Turkey may not be the most exciting part of a Thanksgiving meal (we see you, marshmallow-topped yams), but it’s undeniably the most time-consuming. Between the thawing and cooking, preparing the perfect bird can take days. What’s worse is that even a minor misstep along the way can mean the difference between a fun holiday and food poisoning. Get that bird just a few degrees warmer than you wanted and you’re wading into dangerous territory.
Think your flawless technique means you’re not at risk? According to research published in Epidemiology & Infection, poultry was the largest contributor to food-borne illness in the United States from 1998 to 2012. The good news? Keeping yourself safe is easier than you think.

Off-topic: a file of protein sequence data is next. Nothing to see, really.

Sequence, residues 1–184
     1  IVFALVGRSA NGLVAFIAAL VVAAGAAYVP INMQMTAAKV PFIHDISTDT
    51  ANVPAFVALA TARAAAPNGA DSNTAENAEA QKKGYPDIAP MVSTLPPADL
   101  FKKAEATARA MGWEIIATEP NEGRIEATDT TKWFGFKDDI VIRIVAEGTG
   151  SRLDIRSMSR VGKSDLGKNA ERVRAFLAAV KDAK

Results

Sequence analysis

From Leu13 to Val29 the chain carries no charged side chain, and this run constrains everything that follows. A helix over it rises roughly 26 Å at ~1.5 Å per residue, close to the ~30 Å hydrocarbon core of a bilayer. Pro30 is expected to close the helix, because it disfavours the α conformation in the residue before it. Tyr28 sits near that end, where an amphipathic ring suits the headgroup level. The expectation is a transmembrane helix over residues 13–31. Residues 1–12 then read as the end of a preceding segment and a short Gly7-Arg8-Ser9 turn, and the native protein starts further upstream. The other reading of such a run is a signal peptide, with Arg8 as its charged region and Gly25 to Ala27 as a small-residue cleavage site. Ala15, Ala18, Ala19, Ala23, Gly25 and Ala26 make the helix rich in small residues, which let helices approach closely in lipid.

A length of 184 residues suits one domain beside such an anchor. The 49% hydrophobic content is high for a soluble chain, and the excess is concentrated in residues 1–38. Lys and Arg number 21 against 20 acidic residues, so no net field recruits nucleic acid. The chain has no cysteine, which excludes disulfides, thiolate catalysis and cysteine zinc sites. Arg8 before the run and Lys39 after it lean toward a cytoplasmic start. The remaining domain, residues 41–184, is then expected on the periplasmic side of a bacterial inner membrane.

According to Justin Williams, butcher at Manhattan’s Harlem Shambles, one of the biggest mistakes amateur chefs make is defrosting their bird on the counter all day. “By the time you go to check it, your turkey may have gotten over the recommended temperature,” says Williams. “Between 32 and 40 degrees is the temperature you’re looking to achieve.” So how do you get your bird to the right temperature without waiting forever? “The quickest and safest way to thaw a turkey is to put it in a bowl with a small stream of cold running water running over it,” says Williams. “This will quickly bring it up to temperature but won’t make it too warm.”
When in doubt, give yourself some extra time. Williams says that thawing your bird a day early is always your best bet—at the very least, it will give you a chance to pick up another turkey if this one’s temperature is in the danger zone. Fortunately, when Thanksgiving is over, you can easily bounce back from that Turkey Day binge: adding the 29 Best-Ever Proteins to Weight Loss to your holiday recovery plan will have you back in your skinny jeans by the weekend.